The Amazon Kindle is an ebook reader which uses an E Ink electronic paper display that simulates reading on paper.
Beginning in September 2011, Linux Journal began offering a Kindle edition. All paid Linux Journal subscribers receive access to download their monthly issue in Kindle's .mobi format as a part of their regular subscription.
Kindle Edition FAQ
Q. I downloaded the .mobi edition of the magazine from Linux Journal's Digital Download page. Now how do I get it on to my Kindle?
A. To add a Linux Journal .mobi edition to your Kindle:
- Turn on your Kindle
- Connect the Kindle to your computer using the USB cable that came with your Kindle
- Drag and drop the .mobi file into the documents folder on your Kindle
- Safely disconnect your Kindle from your PC/Mac
- Your copy of Linux Journal should now appear in your Kindle library
Q. Can I read .mobi files on my desktop computer?
A. Yes. For Linux, Mac OS X, and Windows systems, we like to use the free and open source Calibre to read .mobi files. Amazon does specifically offer a free Kindle for PC app, however it is currently only available to Windows users. Either way, if you're reading Linux Journal on your desktop and not a Kindle, we recommend downloading our PDF or Enhanced Online Digital edition instead (paid subscribers have access to both).
Q. Do I need to be subscribed to the Enhanced Online Digital edition to get access to the .mobi file?
A. No. All paid subscribers receive access to all digital formats.
Q. Are back issues of Linux Journal available as .mobi files?
A. Kindle's .mobi file format of the magazine is only available for the September 2011 issue on forward.
Q. I'm a subscriber. Where do I download the .mobi files?
A. You can download all available .epub files on our Digital Download page (you'll need to login).
Q. Can I buy single issues of Linux Journal for my Kindle?
A. Yes. Linux Journal is available for single issue purchase on Amazon.com (at this time, yearly subscriptions are only offered directly through Linux Journal, however).
Q. Can I see a sample of the Kindle edition of the magazine before buying?
A. Yes. We invite you to sample our September 2011 issue free of charge.
Q. I have a .mobi-related question not answered here. Can you help me?
A. Yes! Please e-mail us your question and we'll do our best to get you an answer. If it's a commonly asked question, we'll also post it here.
Practical Task Scheduling Deployment
July 20, 2016 12:00 pm CDT
One of the best things about the UNIX environment (aside from being stable and efficient) is the vast array of software tools available to help you do your job. Traditionally, a UNIX tool does only one thing, but does that one thing very well. For example, grep is very easy to use and can search vast amounts of data quickly. The find tool can find a particular file or files based on all kinds of criteria. It's pretty easy to string these tools together to build even more powerful tools, such as a tool that finds all of the .log files in the /home directory and searches each one for a particular entry. This erector-set mentality allows UNIX system administrators to seem to always have the right tool for the job.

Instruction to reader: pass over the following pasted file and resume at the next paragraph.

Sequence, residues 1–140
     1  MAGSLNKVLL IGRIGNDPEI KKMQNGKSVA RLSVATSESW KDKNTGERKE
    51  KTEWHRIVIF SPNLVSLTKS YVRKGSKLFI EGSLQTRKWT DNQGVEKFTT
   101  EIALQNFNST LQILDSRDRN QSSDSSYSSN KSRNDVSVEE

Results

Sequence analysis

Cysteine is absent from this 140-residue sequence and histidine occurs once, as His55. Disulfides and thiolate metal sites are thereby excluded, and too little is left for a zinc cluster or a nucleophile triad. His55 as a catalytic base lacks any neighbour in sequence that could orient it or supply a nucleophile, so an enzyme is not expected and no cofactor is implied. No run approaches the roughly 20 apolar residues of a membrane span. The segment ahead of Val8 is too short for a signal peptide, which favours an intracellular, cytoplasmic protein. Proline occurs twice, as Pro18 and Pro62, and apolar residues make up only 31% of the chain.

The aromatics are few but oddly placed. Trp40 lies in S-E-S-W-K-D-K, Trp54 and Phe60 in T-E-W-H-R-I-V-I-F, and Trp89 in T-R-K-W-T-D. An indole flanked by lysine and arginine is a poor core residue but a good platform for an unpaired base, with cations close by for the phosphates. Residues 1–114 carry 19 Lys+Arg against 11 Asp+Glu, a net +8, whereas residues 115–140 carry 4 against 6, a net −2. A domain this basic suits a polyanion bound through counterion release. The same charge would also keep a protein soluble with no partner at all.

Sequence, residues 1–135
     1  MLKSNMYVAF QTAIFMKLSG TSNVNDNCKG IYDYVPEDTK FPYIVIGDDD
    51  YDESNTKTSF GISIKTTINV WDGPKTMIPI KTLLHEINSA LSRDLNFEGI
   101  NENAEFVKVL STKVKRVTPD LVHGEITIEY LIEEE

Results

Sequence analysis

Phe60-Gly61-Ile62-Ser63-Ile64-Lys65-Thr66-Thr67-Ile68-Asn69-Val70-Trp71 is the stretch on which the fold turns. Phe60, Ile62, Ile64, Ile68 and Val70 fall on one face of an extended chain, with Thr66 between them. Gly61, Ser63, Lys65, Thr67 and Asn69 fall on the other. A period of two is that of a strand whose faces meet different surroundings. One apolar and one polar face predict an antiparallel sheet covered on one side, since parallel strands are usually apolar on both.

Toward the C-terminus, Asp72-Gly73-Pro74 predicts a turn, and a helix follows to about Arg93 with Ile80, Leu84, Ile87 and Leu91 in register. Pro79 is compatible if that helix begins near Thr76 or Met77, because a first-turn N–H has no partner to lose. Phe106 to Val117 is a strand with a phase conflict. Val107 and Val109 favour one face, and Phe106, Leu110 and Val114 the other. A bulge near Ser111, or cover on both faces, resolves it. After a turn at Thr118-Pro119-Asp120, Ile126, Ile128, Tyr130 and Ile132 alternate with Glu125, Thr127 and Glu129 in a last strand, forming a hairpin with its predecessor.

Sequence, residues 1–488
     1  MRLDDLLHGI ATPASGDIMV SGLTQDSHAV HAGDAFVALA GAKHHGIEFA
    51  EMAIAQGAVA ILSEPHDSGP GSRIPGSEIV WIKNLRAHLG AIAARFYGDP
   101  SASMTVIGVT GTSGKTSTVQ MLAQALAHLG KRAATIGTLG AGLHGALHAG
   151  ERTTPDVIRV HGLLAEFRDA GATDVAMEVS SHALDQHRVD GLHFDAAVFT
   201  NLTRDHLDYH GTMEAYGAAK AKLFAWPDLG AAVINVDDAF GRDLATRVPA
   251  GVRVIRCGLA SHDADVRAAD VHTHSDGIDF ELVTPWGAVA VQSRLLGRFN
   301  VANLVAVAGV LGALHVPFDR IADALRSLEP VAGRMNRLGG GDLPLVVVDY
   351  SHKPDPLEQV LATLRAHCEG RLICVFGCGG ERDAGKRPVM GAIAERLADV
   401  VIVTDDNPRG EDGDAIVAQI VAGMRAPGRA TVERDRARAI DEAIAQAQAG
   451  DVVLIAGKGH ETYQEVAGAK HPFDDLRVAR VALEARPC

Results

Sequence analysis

Cron traditionally has been considered another such a tool for job scheduling, but is it enough? This webinar considers that very question. The first part builds on a previous Geek Guide, Beyond Cron, and briefly describes how to know when it might be time to consider upgrading your job scheduling infrastructure. The second part presents an actual planning and implementation framework.
Join Linux Journal's Mike Diehl and Pat Cameron of Help Systems.
Free to Linux Journal readers.Register Now!
- SUSE LLC's SUSE Manager
- My +1 Sword of Productivity
- Managing Linux Using Puppet
- Tech Tip: Really Simple HTTP Server with Python
- Murat Yener and Onur Dundar's Expert Android Studio (Wrox)
- Non-Linux FOSS: Caffeine!
- Rogue Wave Software's Zend Server
- Returning Values from Bash Functions
- Parsing an RSS News Feed with a Bash Script
- Doing for User Space What We Did for Kernel Space
With all the industry talk about the benefits of Linux on Power and all the performance advantages offered by its open architecture, you may be considering a move in that direction. If you are thinking about analytics, big data and cloud computing, you would be right to evaluate Power. The idea of using commodity x86 hardware and replacing it every three years is an outdated cost model. It doesn’t consider the total cost of ownership, and it doesn’t consider the advantage of real processing power, high-availability and multithreading like a demon.
This ebook takes a look at some of the practical applications of the Linux on Power platform and ways you might bring all the performance power of this open architecture to bear for your organization. There are no smoke and mirrors here—just hard, cold, empirical evidence provided by independent sources. I also consider some innovative ways Linux on Power will be used in the future.Get the Guide